Above all, do not assume that there is no interest in your server. Any server exposed to the Internet will receive automated attacks within 30 seconds. We've already seen compromises of exposed Node-RED systems and attacks against Linux servers are very common.

This would be very problematic for me. You are exposing a site. Even assuming that you use a random URL path, everyone at the party is potentially exposed as I've outlined in the other thread.

I would go further and tell people that the URL is valid only for 3 days or whatever in order to minimise the risk.

That is sensible and easily done.

Depending on where in the world you are based (but probably true for most places now), you should make sure that the landing page includes clear information about the fact that images will be available to everyone with the link. You must also provide a contact so that people can let you know if an image needs to be removed and you will need to be prepared to respond to such requests very quickly. Just bear in mind that the owner of the server is taking on a responsibility here, in places like the EU, this is backed up in law.

It would probably be even better to provide a self-service "take down" for images. That at least hides the image while you review the request. Keep clear records of requests and your responses.

You will also need to think about whether minors (children) will be present at the party. If so, you are starting to really enter dangerous territory unless you make it clear to everyone before they come that you will be having this capability so that people have the ability to object or not come.

That's just web configuration.


Very interesting indeed! How would you rate having a vpn server dedicated/running on a separate Pi for remote access and a vpn client in the phone. As the only possible way to remotely reach your Node-RED on your home network?

Drat and double drat - you beat me to that response - I was just going to suggest a VPN.

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Oddly, that doesn't provide as much protection as you might think in this case.

The simple reason for that is that you are extending your internal network out to the end user devices.

Those devices - at least assuming a predominance of Android - are VERY likely to include at least 1 or 2 compromised devices.

So while those might not be all that likely to specifically compromise your Pi (not impossible but perhaps not all that likely), they will almost certainly try to compromise other phones on the same VPN :worried: It is also possible that malware on the phone might try to exfiltrate the images from your web app - not sure how likely that is to be honest though I know that there is plenty of malware that tries to grab images and videos from phones in the hopes of grabbing some porn.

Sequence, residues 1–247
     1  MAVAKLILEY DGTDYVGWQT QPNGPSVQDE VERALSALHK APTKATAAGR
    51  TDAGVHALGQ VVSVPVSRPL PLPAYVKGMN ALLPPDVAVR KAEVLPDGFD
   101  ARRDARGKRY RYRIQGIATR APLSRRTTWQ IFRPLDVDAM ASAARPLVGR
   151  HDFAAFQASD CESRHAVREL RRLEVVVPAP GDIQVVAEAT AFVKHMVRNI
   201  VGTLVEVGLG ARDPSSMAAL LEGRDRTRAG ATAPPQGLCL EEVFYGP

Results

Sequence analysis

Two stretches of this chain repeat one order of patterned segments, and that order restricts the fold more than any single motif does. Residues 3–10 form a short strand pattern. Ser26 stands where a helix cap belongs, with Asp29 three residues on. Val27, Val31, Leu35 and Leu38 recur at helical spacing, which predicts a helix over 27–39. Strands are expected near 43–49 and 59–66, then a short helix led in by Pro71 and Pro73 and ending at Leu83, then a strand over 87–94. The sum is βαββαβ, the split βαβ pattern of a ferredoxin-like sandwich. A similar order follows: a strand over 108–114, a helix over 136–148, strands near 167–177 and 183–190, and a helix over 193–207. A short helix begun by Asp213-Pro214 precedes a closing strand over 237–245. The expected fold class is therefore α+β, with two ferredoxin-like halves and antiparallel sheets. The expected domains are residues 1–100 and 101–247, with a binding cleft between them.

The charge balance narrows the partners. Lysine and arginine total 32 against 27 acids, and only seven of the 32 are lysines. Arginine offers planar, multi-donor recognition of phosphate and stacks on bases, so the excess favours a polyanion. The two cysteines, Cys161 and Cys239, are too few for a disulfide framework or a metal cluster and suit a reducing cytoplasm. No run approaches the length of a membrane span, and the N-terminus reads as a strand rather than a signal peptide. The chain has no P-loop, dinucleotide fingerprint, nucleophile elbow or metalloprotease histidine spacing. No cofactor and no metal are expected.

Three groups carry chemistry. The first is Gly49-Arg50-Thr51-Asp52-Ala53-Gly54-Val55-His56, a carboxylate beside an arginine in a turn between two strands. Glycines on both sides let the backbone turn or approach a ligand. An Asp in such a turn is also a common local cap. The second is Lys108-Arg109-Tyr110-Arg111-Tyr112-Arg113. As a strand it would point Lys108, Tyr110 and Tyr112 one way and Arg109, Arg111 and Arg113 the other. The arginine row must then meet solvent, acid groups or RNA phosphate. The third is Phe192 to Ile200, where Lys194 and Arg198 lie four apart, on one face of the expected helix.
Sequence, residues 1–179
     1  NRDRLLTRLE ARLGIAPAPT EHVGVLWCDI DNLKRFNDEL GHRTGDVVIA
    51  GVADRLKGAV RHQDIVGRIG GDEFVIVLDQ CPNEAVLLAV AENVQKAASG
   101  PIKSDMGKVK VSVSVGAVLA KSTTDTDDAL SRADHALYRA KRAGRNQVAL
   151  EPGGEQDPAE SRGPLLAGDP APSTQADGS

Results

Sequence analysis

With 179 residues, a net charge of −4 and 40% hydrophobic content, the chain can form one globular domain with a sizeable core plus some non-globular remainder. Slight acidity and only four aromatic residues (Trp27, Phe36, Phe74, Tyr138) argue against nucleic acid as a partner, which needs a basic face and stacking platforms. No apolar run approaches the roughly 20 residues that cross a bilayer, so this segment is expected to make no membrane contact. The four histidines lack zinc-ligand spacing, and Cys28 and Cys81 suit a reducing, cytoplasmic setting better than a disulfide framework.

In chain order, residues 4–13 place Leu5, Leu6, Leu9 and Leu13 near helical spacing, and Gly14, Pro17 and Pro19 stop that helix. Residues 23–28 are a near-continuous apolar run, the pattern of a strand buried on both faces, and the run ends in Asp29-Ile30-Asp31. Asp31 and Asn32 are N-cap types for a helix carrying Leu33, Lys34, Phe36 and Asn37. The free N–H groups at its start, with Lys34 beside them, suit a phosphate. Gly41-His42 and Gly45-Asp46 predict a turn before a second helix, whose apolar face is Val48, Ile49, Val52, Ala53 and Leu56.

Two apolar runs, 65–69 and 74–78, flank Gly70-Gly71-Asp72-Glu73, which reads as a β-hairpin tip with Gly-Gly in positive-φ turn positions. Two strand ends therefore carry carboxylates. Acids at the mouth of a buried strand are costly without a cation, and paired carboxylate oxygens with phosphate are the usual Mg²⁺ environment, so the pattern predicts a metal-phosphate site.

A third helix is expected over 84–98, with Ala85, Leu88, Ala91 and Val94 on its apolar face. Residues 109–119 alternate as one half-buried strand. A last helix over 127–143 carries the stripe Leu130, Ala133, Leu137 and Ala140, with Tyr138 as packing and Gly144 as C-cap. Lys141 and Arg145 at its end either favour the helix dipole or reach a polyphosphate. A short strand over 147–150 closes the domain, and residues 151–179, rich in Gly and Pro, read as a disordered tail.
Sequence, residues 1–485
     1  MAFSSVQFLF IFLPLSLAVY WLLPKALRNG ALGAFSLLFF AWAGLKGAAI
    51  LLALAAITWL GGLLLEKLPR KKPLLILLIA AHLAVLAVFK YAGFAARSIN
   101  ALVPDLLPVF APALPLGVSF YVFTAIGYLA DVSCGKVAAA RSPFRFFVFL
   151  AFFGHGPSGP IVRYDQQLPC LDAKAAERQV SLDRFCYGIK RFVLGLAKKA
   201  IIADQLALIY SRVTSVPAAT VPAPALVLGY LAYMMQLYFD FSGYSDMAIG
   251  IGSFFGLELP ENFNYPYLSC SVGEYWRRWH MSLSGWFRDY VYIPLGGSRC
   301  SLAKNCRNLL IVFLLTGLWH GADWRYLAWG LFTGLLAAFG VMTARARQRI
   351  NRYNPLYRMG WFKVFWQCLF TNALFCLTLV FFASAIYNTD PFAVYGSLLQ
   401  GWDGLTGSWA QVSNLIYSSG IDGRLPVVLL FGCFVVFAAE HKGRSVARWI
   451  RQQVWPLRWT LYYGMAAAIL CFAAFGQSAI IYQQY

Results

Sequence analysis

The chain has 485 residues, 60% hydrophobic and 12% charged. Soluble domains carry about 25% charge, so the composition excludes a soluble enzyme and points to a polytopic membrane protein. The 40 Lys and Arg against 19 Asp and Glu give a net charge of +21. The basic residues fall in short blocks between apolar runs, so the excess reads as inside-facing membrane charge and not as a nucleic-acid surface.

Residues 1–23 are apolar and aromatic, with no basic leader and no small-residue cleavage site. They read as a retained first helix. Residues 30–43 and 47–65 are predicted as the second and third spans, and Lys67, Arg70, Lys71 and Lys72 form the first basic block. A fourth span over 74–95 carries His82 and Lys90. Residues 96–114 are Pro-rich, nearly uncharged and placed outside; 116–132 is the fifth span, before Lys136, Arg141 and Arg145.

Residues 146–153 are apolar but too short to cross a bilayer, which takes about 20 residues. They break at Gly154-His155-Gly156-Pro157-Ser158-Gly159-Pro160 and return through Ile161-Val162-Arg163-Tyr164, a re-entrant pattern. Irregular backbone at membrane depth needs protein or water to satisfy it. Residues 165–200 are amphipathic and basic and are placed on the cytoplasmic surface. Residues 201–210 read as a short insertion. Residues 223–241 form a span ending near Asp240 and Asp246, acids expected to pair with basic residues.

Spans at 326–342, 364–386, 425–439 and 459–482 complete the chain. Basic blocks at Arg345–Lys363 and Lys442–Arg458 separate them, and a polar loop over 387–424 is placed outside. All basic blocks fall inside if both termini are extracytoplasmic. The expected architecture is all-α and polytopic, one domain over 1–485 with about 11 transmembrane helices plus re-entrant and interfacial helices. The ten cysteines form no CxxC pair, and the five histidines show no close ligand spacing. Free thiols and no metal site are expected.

But yes, at least you are stopping access from elsewhere which is good.

Honestly, I think a lot of this is going to come down to how often you are going to do this, who the party-goers are (how risky they are and whether there are people present who need additional privacy such as children) and how long you intend to keep the site active after the party.

I think that I'd probably just use a separate Pi running your web app only along with NGROK configured for HTTPS only. Then I'd only keep the link open until the end of the party, then I'd put all the images onto a static website (or Amazon photos or similar) with a password. Keep them there for a week and remove.

I've not much doubt that you would get away with absolutely minimal security 99.999% of the time. But that small percentage might well result in a very high impact.


To address some concerns:

  • it is a private party with limited number of people - all family.
  • the link will only allow to upload photos. It will not give any access to uploaded photos

Thanks for suggesting VPN but I don't think VPN meets my requirements 3 and 4:

  1. no need to install any specific app on the mobile phone
  2. no need to share passwords or other credentials

I have already a solution for my problem using and accessing Node-RED using the public device URL provided by balena (in my case the public device URL routes first to nginx (reverse proxy) running in a container which then routes the request to node-red running in another container). This works but it means that communication is routed via Balena cloud servers and I don't know how it will react to the load (although I am not really expecting a lot of photos being uploaded).
Major annoyance is that for this I need to share the balena public device URL which can not be regenerated easily.

I need to have a closer look at many interesting points raised by @TotallyInformation.

Thanks a lot for all the feedback.